For this reason, school for many became a place where they cannot feel safe, and which hasn’t proved helpful in securing a livelihood. “People are wary of education because of the education that their ancestors received and the western system of residential schools,” Batt explains. “There are Indigenous people who have gone on to higher education, who are making their way through the system. But there are still many people who haven’t finished high school and don’t see the value in education.” Indeed,  indicates the TRC report, “the 2012 Aboriginal Peoples Survey showed that 72% of First Nations people living off reserve, 42% of Inuit, and 77% of Métis aged 18 to 44 had a high school diploma or equivalent… In comparison, the 2011 National Household Survey revealed that 89% of the non-Aboriginal population had at least a high school diploma.” A legacy of the residential schools, then, is that educational success rates are lower in Indigenous communities than in equivalent Canadian households

 “I’ve made a conscious decision to escape poverty,” reflects Batt. “Even though I’m not naturally an academic person I’ve forced myself through academia because I knew I was never going to live in poverty. That was my goal.” But, she adds, “I think I could have gone even higher if I didn’t have to fight [these] demons.”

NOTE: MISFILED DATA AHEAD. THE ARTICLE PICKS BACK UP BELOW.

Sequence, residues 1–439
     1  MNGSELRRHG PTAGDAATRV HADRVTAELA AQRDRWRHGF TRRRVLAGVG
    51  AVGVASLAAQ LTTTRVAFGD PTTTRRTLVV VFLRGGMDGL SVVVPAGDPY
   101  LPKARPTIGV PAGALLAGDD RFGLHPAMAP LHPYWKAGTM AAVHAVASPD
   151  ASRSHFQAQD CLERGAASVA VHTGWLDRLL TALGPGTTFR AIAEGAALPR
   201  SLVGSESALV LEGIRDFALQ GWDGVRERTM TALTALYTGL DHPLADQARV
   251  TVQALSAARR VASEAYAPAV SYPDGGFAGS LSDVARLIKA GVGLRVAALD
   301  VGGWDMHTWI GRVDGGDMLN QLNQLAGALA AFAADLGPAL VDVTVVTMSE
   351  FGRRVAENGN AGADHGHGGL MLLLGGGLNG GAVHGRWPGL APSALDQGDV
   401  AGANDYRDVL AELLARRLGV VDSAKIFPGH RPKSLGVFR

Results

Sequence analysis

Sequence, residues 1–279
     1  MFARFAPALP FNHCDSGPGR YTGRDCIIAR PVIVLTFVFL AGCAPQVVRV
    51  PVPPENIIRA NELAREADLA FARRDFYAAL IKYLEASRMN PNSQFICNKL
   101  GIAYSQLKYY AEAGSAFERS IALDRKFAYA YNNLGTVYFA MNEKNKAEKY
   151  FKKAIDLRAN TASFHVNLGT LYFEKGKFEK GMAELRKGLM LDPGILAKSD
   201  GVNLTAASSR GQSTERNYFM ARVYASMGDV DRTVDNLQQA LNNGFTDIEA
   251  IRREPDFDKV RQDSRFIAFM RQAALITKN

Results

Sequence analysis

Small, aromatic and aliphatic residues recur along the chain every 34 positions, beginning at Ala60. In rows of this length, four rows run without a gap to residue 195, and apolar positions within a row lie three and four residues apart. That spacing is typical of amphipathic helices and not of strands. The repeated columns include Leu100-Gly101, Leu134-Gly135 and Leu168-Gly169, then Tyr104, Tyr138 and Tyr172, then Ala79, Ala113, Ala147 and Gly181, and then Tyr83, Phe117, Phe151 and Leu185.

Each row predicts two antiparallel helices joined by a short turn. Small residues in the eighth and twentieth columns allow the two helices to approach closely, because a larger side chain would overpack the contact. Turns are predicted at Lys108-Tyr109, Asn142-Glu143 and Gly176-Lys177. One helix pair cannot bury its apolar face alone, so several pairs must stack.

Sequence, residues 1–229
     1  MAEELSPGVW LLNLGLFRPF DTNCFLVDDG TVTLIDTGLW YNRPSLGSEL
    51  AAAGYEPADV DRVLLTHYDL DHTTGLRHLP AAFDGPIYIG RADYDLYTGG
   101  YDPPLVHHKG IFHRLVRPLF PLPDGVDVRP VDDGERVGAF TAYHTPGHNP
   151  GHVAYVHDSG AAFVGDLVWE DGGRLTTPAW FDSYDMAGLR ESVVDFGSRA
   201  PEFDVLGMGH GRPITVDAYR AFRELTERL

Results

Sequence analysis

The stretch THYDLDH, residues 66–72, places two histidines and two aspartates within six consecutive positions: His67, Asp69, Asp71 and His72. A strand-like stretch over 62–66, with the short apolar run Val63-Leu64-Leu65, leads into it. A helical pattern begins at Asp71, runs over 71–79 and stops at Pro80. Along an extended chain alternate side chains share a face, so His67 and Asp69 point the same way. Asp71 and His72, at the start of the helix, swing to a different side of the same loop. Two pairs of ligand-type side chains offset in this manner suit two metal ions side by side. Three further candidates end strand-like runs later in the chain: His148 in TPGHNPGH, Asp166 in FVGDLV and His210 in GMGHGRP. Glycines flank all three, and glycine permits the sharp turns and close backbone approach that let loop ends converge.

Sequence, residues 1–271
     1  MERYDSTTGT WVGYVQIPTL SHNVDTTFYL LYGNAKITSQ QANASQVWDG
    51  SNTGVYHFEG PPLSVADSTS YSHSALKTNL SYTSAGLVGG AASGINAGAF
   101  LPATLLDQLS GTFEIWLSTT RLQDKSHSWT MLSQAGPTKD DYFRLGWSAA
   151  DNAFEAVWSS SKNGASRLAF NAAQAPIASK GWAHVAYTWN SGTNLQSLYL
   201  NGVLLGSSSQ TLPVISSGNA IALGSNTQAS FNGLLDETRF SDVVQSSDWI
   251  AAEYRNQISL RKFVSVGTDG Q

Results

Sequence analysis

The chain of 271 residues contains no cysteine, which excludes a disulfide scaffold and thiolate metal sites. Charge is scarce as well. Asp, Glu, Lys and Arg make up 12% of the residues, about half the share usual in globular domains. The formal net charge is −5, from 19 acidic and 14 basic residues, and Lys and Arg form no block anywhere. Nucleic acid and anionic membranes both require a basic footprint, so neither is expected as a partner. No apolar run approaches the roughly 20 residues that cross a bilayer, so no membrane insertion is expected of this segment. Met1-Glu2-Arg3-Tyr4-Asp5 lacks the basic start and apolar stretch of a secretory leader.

Moving Forward

How do we break the cycle of poor educational attainments leading to poverty and, in so doing, begin to redress the distribution of health problems in Canada? 

First and foremost, the TRC states, the educational system needs to break away from the legacy of being used as a tool for assimilation. Funding must be adequate for the task of closing the gap left by residential schools. Additionally, curricula need review: Indigenous schools should meet the needs of their students by covering topics of importance in a culturally competent manner. “Place-based learning,” for instance, is identified in the TRC as a “philosophy that anchors the student’s lessons in the cultures, the land, the history, and the stories of their communities” while including elders in the learning process. Meanwhile, non-indigenous curricula should support non-discrimination by including Indigenous perspectives and accurate history.